An Elite Daily article cites a study published by the Journal of Experimental Social Psychology which I think is pretty telling:

“Women were presented with a photograph of their potential dream man. Half of the women were told their Mr. Right was single; while the other half were told he was in a relationship. The photographs were the same across all participants.

“Though 59 percent were interested in pursuing the single guy, that figured jumped to 90 percent when they were under the impression he was already in a committed relationship.”

Since getting divorced and falling apart and putting most of me back together again, I’ve taken a greater interest in human psychology. I’m fascinated.

Why does politician after politician after politician continue to find himself in a sex scandal?

Why do most criminals tend to already have criminal records?

Why do we procrastinate?

Why are we so afraid to tell people what really goes on under the masks we wear?

We’re all just people. And we all basically want the same things. We want to feel good. We want to feel safe. We want someone to love us. We want to have fun. We want to be able to acquire things and go places. We want to succeed in our individual pursuits.

We get confused a lot. But when you break it all down, all any of us really want is to be happy.

But much of the time we do things that are counter-intuitive to those efforts.

Those politicians don’t want to hurt their families. Or their candidacy. Or disappoint their colleagues. Or friends. Or constituents. They’re just human. That’s the one thing you can always count on people to be.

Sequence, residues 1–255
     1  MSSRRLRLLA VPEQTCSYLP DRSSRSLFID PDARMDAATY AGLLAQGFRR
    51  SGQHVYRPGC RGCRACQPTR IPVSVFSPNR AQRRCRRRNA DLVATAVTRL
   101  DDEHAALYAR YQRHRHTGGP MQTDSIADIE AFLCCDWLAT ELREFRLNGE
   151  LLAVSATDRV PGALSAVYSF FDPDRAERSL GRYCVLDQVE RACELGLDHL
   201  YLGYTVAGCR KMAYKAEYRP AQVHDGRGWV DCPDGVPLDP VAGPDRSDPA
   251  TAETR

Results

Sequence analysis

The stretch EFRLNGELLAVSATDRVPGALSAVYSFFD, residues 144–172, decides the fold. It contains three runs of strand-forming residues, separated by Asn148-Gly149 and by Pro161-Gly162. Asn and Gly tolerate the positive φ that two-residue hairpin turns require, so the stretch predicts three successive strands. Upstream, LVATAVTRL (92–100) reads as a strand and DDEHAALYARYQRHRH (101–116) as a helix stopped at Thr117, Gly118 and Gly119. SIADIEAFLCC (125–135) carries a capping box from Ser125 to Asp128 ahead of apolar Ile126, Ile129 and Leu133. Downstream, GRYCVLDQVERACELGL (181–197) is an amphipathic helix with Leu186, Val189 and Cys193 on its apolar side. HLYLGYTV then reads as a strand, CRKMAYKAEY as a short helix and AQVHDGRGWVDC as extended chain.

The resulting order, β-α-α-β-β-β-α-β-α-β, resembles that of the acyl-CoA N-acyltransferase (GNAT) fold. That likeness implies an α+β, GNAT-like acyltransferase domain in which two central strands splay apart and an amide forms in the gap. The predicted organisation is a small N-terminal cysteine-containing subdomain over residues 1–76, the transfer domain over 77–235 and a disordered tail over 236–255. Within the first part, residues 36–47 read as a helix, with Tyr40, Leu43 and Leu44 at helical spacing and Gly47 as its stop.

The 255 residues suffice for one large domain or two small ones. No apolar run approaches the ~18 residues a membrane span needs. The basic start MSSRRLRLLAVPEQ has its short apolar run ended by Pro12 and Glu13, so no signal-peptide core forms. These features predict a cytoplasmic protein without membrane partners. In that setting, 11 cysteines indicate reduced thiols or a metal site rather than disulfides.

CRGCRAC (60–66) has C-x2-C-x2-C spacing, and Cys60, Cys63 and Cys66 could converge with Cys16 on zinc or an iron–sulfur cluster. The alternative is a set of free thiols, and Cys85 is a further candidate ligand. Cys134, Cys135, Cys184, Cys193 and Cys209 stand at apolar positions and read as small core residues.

I think people can be infinitely better at marriage than they are. And I think mindset has almost everything to do with it.

It’s the reason I felt like my house was a prison when I wanted more money and a bigger place, and the reason when I thought I might lose it after my divorce that I’m so grateful to live there now.

It’s the reason I used to spend hours watching television alone or playing online poker while my wife was sitting alone in another room of the house, and the reason all I wanted to do was spend every second with her the minute I realized she didn’t love me or want to be married to me anymore.

We’re a bunch of freaks. I mean, maybe it’s just me. But I really think it’s everyone.

We’re all madly in love. Then we get married. Then we get bored. Then we do a bunch of stupid things to ruin it.

I’ve made lifestyle changes over the past few months to help me look and feel the way I want to look and feel. Healthy eating has been part of that. I don’t eat ice cream and brownies and cake and drink a bunch of beer because I don’t want to gain weight or sabotage my daily workout efforts.

I want to eat Halloween candy. I want to eat lots of it. But I don’t. Because I care about feeling good more than I care about 10 seconds of pleasure.

I think people are smart enough to figure it out if they take a few minutes to mentally walk through it: When you first meet people, you feel attracted. You’d run through walls for them. On your mind constantly. But even as your love grows for them over the years, monotony and boredom and taking them for granted sets in.

It seems like a lot of people think that’s happening because they married a shitty person, when most of the time it’s just human nature doing what human nature does.